Album Review: † † † (Crosses) — “Crosses”

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There’s no avoiding it, so I’m just going to drop the name Deftones right here in the first sentence of this review. While ††† is its own unique band with its own unique sound, there is just no getting around the highly recognizable voice of Deftones front man, Chino Moreno, at lead. And that’s perfectly okay because this side project for Moreno, Shaun Lopez (Far), and Chuck Doom — what a badass name! — goes a long way to separate themselves from the metal band that will be bringing in much of their fan base.

Since 2011, ††† has released two EPs, contributed the song The Years to the Batman: Arkham City soundtrack, and played a number of music festivals, including Lallapalooza. A third EP was planned, but never fully realized as Moreno went back to work with Deftones for “Koi No Yokan”. In the fall of 2013 the band was signed to Sumerian Records, and just months later they announced their first full-length album, the self-titled, “Crosses”.

As a long-time Deftones fan, I’ve been going crazy waiting for this release. I’ll admit that, as with most of the music I find myself fawning over, I went into this album with very high expectations. Chino Moreno has never let me down in the past, and I’m pleased to say that he is still batting 1000 with that regard.

“Crosses” launches right into a sea of heavy guitar and electric noise with This is a Trick. The pounding bass and grinding synth that makes up the foundation of this track lets you know right off the bat that this is no Deftones record. As a thumping line of perfectly arranged synth beats hit all around you, Moreno’s melodic voice cuts through the noise and simmers things down. Before long the track builds to a bellicose orgy of synth, firing from all directions with Moreno’s signature, grating aggression at the chorus.

Bitches Brew sticks out as probably my most favorite track on the album. Its initial slow pacing and underlying dark emotion mix nicely with the humming base that holds it together. Distorted electric guitar moves in to crush at the chorus while Moreno’s voice lulls and soothes like a siren enticing its prey. The lyrics are dark and brooding, “From the flames of the fire I watch you crawl into me. From the flames of the fire, I feel you crawl into my bed. Throwing shapes at the sky, I watch you crawl into me.” At the end of the track, in the final phase of Moreno’s siren call, a compressing blow of electric guitar draws and eviscerates as Moreno screams out behind it.

The first single from “Crosses” is track six, The Epilogue. Here light guitar strumming is met by drum machine and fluid bass. According to my ears, this is the most electronic-driven track of the album. Moreno’s vocals convey something of a confusion on his part as he sings, which is ever present in his delivery and inflection. As it builds to the chorus, he sings, “Look around through the town, not a soul to be found, in silence, no sound. There’s no one around but you.” There is a very distinct ’80s feel to this song, though the underlying darkness that seems to hang beneath it, ready to reach up and take hold at any minute, stays with you throughout.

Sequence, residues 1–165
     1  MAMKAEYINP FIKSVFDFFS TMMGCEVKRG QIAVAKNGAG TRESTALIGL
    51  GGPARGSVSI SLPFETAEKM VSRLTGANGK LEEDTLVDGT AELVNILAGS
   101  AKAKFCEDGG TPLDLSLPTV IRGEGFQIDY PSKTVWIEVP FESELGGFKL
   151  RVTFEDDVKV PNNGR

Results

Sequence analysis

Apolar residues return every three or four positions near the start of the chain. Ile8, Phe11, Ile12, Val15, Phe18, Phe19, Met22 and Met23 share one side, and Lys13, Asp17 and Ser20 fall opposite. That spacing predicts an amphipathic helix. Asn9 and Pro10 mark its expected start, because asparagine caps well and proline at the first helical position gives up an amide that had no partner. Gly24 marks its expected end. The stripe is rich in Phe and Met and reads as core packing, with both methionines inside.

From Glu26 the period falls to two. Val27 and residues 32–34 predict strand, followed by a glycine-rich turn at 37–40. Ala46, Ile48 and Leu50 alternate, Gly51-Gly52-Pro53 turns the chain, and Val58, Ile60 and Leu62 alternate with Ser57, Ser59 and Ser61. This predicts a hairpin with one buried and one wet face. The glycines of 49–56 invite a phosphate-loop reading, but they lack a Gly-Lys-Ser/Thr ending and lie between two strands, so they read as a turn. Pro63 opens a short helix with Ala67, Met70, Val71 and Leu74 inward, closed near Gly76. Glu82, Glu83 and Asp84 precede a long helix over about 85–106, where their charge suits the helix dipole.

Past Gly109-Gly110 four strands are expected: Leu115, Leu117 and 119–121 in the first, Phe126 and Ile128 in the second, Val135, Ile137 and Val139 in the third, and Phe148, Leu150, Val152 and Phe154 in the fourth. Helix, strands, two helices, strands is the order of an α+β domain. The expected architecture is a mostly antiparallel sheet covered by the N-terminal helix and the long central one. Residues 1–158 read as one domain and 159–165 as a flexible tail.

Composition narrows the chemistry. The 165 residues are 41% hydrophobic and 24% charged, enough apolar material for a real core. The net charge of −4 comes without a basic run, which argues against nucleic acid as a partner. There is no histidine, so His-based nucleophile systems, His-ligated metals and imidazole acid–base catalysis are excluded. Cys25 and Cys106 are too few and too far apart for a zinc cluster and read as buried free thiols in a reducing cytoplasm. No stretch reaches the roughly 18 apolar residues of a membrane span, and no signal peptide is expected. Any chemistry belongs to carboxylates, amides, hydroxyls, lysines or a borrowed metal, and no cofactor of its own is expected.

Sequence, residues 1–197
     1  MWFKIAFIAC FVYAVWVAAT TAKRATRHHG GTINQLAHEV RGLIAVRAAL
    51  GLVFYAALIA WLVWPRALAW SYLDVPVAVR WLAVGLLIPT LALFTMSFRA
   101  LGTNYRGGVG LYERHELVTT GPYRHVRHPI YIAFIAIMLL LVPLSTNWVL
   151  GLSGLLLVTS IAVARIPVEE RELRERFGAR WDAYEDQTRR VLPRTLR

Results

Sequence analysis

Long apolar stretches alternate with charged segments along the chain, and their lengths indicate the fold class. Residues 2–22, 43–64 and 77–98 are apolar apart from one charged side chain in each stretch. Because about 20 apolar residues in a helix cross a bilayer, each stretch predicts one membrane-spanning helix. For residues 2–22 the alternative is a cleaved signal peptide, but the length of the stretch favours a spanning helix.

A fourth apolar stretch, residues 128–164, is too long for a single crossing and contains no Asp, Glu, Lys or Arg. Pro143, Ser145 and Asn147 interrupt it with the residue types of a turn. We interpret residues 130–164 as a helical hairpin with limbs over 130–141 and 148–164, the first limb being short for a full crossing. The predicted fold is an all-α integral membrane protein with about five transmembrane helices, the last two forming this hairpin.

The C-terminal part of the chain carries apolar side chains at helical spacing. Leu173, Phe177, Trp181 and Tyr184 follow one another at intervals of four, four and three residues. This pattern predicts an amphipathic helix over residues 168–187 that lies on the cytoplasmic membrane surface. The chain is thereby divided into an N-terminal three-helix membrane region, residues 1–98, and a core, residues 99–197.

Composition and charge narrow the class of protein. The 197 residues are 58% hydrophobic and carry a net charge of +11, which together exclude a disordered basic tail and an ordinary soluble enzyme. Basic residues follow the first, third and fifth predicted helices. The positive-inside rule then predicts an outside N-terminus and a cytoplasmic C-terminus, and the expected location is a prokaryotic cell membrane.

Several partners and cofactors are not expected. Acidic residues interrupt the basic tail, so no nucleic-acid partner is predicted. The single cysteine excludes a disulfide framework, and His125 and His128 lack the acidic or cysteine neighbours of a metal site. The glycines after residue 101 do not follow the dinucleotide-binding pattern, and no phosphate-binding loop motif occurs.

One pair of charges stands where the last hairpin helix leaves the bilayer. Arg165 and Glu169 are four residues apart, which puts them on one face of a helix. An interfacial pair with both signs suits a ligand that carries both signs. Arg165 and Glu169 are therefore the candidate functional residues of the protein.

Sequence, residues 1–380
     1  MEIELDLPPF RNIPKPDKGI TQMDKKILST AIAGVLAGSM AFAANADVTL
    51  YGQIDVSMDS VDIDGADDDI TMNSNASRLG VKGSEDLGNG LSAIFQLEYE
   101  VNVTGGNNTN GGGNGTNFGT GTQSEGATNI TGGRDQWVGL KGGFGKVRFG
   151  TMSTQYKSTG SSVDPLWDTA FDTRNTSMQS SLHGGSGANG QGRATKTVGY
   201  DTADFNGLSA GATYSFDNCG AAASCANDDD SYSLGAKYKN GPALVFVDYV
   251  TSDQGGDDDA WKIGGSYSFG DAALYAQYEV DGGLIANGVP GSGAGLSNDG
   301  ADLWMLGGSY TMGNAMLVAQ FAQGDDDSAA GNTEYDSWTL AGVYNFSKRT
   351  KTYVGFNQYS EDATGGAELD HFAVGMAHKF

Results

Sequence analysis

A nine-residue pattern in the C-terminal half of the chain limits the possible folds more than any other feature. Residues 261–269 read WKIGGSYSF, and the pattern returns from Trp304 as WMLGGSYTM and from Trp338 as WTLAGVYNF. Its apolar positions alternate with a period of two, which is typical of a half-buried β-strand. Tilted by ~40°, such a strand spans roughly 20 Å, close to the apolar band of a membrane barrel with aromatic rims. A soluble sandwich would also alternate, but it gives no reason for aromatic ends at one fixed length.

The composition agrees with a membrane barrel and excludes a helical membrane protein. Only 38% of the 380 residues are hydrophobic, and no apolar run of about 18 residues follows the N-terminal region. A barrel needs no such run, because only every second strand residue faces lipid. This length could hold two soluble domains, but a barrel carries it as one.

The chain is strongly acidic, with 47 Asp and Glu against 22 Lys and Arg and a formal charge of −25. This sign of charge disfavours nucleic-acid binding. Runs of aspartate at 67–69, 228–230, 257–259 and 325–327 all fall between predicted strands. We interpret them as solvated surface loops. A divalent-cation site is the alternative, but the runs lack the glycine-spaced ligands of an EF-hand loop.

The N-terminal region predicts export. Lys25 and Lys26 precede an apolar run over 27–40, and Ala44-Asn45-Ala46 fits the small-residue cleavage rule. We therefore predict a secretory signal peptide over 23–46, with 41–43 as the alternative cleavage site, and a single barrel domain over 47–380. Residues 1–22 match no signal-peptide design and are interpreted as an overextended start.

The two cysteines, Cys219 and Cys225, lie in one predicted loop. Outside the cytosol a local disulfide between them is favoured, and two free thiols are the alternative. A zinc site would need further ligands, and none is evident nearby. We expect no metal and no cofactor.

Option starts off all synth and drum machine with Moreno’s voice echoing as if speaking from some ethereal plane that lays beyond the reality of the song itself. Things get heavy and hard and break away in an effervescing explosion of synth as the chorus hits: “I swear on the cross, can you promise that to the grave, you’ll take my name? Can you promise me?” Before long the track drops to a lone guitar as Moreno’s voice cries, once again speaking from an otherworldly space alongside his vocals in the forefront of the song, “All this time, I’ve prayed for this day to come true. No one knows how deep we waded through. I wish I could take your hand and make it true. ‘Cause no one knows how far apart we’ve stayed to get through.” These lyrics are unparalleled, adding so much depth to a song that is already, on its own, quite powerful and hauntingly gripping.

I would go into extreme detail for every track on this record if I could, but sadly I cannot without taking this review into book form. Over the years I’ve followed many bands rather obsessively, mostly for the talents of a few key members. When the inevitable side projects arise, I approach them with the same fervor I would with releases from their parent band, and I’m almost always left with a ho-hum response. Well, that’s definitely NOT the case here. ††† is one of the few side projects from which I have ever come away foaming at the mouth for more, more, more! While the unparalleled vocal talents of Chino Moreno go a long way to give this band the intensity and power they so expertly harness and deploy, the dark, electric instrumentals and heavy guitar mix perfectly to bring this group full circle. It is because of this that they are now at the top of my list of live acts that I absolutely must see this year.

“Crosses” — 9/10

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